Wednesday, September 10, 2008

Spirit Photography

During the last half of the 19th Century, spirit photography, i.e., attempting to capture manifestations of spirits (make that ghosts) utilizing photographic processes, became wildly popular. It's popularity went all the way to the White House!

Who knew Abe and Martha had enough spare time on their hands--what with the Civil War raging on and all--to get bit by the spirit photography bug?

To this day, the art and craft of spirit photography lives on although, admittedly, not with the same zeal as it did 150 years ago. Most modern day practitioners attempt a more scientific approach in their quests to find evidence that spirits walk amongst us. (I wonder if they teach a class in spirit photography at the Brooks Institute?)

The vast majority of spirit photographs have been debunked as fraud. Yet still, a few examples defy logic and fuel the search for photographic proof that there is an afterlife. Hollywood has exploited the spirit of the spirit photography craze a few times. The recent feature film, Shutter, is a good example. Hollywood's "Shutter" is a remake of a Thai horror film of the same title. I haven't seen either version but I'll bet the original is, as is usually the case, a scarier better film. You can check out the trailer for the original "Shutter" HERE.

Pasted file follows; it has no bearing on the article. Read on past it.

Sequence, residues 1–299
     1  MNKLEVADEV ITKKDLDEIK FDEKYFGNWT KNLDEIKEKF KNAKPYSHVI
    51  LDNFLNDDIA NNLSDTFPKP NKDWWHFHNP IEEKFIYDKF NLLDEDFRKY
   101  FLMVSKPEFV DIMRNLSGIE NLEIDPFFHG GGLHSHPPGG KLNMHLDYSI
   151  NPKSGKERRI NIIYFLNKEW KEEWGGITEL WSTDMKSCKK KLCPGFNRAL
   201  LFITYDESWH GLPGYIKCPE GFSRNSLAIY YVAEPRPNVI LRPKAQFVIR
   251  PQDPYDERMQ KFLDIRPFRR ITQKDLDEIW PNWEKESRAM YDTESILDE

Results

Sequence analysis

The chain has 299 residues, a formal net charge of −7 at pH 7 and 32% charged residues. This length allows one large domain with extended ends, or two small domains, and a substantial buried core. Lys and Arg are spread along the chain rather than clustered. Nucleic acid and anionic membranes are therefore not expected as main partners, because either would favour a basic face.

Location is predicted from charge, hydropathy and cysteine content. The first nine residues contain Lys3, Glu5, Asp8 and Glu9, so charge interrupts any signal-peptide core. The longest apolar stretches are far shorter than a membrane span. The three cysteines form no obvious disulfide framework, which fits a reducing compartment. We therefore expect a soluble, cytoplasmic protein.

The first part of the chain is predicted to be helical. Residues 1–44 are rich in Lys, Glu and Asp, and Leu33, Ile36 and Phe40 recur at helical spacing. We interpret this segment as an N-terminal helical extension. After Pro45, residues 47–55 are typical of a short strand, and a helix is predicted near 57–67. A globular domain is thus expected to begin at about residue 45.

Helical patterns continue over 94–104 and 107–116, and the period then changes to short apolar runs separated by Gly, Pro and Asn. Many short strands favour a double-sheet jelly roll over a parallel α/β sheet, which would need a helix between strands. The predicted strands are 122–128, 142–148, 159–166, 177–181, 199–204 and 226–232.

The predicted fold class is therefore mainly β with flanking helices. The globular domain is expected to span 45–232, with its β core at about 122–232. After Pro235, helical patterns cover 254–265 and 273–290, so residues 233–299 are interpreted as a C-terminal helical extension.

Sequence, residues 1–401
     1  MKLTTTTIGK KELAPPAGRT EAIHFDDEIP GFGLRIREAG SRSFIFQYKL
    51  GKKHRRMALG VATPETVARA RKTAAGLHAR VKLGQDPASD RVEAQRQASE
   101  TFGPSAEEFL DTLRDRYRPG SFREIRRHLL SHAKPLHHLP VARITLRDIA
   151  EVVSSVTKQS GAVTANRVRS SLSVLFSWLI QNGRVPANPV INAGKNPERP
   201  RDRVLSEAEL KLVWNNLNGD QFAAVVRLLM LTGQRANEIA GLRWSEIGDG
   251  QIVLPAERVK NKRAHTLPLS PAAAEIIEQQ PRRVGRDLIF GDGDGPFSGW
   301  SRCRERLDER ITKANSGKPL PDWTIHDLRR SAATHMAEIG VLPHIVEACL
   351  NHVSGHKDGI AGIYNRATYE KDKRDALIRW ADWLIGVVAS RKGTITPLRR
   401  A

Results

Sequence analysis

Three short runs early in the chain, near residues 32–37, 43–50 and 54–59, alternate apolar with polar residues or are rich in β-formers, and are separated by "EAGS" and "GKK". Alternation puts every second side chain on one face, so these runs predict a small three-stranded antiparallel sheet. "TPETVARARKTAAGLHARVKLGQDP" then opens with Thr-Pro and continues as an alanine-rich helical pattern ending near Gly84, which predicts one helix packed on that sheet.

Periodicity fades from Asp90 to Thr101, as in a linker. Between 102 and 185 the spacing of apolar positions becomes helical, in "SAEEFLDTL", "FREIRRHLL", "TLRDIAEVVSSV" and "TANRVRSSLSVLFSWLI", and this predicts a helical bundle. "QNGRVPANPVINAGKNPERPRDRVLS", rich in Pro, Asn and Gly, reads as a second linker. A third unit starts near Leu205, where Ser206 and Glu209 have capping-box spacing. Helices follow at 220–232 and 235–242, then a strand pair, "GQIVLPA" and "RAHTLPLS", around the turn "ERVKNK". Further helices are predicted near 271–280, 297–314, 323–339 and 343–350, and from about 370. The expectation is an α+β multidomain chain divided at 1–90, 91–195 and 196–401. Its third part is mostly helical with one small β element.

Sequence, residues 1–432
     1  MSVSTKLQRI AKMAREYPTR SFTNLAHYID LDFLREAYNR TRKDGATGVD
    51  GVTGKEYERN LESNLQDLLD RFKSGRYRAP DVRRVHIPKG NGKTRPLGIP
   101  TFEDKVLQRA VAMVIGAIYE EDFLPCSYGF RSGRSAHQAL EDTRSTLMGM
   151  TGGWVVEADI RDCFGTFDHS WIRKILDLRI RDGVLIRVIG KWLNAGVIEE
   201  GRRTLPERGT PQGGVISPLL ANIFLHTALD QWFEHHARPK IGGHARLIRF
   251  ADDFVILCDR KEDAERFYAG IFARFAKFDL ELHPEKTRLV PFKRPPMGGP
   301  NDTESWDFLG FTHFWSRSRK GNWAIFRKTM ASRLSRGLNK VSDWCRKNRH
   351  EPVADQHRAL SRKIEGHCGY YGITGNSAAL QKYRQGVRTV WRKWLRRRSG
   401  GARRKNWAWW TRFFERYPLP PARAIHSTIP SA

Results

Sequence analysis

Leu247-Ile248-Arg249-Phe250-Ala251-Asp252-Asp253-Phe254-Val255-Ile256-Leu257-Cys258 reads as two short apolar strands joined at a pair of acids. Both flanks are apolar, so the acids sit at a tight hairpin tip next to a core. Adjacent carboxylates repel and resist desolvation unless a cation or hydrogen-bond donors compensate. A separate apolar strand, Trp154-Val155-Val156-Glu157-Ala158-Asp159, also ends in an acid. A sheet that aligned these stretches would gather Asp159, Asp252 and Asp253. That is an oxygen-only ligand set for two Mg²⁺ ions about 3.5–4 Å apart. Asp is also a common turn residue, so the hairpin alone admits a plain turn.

For a more detailed history of spirit photography, CLICK HERE. If you're interested in learning even more, a spirit photography Google search yields many more results. Or, simply sit back and take a look at the short video I found on YouTube that briefly examines the history of spirit photography.

By the way, if you're wondering why I'm so captivated with photography's past, I believe that learning about the history of photography and the work of its greatest craftsmen and artists helps me better understand photography's present state. Leastwise, that's a big chunk of the reason. Besides, who knows? Learning about this stuff might even help make me a better shooter. Stranger things have happened.


Anonymous said...

Hi Shootist Guy! My name is Jeff and I work at Brooks Institute. We don't teach spirit photography here. The closest we come is industrial/scientific.

ishootistguy said...

lol! Thanks for the clarification, Jeff! :-)